More than 1,700 members of the Class of 2026 and 100 transfer students gathered with their families and friends Under the Oaks on Saturday to participate in this university tradition.
Shaded under the iconic oaks of Elon’s campus, the Class of 2026 and their loved ones were formally welcomed into the Elon community during the New Student Convocation ceremony on Saturday morning.
“Class of 2026, today commences your educational journey,” President Connie Ledoux Book said during the 2022 New Student Convocation.
“We are very protective of our community at Elon and it’s not something that we take for granted. We are deliberate and outspoken about the community values that allow everyone here to feel our welcome, a sense of belonging and safety. We know it is fundamental to creating an environment where you can learn and find a sense of purpose.”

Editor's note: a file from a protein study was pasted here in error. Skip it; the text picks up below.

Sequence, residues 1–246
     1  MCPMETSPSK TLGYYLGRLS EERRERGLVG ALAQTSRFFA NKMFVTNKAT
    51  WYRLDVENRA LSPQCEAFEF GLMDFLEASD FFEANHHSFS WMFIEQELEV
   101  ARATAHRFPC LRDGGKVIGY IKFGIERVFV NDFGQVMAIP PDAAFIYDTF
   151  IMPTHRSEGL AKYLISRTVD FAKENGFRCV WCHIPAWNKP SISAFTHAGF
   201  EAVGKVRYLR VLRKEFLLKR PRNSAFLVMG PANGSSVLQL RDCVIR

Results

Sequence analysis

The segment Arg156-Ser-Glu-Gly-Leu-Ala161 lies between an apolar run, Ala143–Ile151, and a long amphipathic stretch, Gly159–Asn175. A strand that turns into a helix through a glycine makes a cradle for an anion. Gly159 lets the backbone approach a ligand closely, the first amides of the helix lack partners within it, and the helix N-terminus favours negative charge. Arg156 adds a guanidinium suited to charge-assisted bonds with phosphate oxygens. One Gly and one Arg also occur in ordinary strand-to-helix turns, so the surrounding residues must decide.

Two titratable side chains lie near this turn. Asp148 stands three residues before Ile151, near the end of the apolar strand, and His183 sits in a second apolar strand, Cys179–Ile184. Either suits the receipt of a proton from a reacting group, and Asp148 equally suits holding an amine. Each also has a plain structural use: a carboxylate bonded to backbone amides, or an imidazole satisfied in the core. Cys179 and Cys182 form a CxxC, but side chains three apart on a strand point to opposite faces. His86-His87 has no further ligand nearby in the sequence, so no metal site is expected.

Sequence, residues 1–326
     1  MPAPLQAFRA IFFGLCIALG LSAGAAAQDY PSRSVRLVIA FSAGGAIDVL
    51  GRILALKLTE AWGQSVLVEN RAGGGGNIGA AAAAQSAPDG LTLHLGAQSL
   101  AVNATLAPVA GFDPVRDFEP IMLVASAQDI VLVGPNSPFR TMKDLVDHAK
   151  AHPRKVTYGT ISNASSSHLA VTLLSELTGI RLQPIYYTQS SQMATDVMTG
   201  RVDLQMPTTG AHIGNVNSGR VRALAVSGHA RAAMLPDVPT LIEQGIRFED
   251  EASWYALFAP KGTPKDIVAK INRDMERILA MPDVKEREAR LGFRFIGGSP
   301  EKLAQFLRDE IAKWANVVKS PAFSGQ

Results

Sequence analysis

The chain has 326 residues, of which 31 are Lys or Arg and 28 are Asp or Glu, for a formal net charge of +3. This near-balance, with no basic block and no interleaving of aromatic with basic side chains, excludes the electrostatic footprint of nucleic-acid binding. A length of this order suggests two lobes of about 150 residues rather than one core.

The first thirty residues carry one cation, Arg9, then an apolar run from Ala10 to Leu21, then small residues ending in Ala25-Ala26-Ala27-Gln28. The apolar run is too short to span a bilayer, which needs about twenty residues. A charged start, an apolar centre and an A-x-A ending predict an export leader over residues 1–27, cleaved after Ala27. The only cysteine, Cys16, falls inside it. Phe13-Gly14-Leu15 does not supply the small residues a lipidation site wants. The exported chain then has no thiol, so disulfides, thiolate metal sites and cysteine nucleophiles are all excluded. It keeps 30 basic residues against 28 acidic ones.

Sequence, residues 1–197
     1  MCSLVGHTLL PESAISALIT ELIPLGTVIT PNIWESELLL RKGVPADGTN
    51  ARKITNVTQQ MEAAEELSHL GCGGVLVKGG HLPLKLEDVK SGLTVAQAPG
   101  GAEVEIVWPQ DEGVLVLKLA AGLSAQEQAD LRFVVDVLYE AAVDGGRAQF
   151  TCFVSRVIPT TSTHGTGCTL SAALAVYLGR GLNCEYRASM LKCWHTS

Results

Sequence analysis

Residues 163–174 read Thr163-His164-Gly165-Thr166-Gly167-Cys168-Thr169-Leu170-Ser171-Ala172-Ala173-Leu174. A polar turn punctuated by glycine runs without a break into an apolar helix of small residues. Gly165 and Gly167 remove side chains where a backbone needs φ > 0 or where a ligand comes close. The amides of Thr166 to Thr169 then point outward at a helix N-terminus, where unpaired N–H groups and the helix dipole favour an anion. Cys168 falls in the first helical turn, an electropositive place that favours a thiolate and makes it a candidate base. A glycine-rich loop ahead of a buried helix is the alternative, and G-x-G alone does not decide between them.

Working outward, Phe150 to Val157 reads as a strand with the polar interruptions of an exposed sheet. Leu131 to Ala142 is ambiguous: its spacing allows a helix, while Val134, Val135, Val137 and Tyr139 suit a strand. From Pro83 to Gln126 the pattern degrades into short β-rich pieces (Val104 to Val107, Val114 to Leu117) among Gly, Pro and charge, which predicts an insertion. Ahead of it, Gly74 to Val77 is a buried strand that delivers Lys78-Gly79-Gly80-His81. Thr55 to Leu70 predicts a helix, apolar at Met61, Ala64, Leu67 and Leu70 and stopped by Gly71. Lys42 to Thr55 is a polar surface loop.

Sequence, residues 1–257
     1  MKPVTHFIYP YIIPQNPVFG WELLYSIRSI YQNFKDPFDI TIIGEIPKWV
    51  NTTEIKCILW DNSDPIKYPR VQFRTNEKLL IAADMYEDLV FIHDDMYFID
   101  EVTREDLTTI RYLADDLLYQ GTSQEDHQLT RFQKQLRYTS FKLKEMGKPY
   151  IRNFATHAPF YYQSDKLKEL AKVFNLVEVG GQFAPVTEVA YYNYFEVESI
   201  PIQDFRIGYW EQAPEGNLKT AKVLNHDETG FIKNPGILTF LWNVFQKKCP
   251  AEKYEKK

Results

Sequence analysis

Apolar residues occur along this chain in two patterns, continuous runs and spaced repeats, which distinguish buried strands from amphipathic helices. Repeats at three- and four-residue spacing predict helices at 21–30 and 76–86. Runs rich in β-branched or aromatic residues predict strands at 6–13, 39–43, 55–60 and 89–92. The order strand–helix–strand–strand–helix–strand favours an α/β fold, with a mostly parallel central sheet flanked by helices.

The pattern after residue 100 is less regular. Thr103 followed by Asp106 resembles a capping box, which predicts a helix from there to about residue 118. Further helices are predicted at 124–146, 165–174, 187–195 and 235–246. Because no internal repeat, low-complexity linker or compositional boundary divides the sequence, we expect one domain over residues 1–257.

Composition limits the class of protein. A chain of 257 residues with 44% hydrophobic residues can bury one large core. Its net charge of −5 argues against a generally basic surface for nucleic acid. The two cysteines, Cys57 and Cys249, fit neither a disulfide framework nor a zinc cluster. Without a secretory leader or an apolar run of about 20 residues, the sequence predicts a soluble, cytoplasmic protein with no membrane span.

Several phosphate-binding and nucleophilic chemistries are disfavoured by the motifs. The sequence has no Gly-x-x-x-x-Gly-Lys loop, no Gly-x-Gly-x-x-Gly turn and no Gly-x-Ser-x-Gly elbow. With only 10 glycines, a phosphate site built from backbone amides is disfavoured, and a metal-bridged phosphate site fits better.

The convocation began with a procession of the incoming students through the Alamance Building. Students passed the bell that hung in Old Main when the building along with others on Elon’s campus were destroyed by fire in 1923. In the nearly 100 years since the fire, the university has risen from the ashes to see tremendous growth and become one of the nation’s premier higher education institutions. The bell, which sits in the rotunda of Alamance, serves as an example of resilience.
“So, when you encounter a challenge at Elon, which you most certainly will, I hope you will come by the Alamance Building and touch that bell to recall the bright future we celebrate here today, and as a reminder to you of what it means to rise again, like a phoenix,” Vice President for Student Life Jon Dooley said.
Nadine Jose ’23, executive president of the Student Government Association, welcomed the Class of 2026 by saying that Elon would be a “liminal space” in their lives. “Liminal” derives from the Latin word “threshold.” Jose said Elon will be a liminal space in each student’s life, a time between “what was” and “what will be.”
But Jose had no reservations about the bright futures ahead of every student in the audience.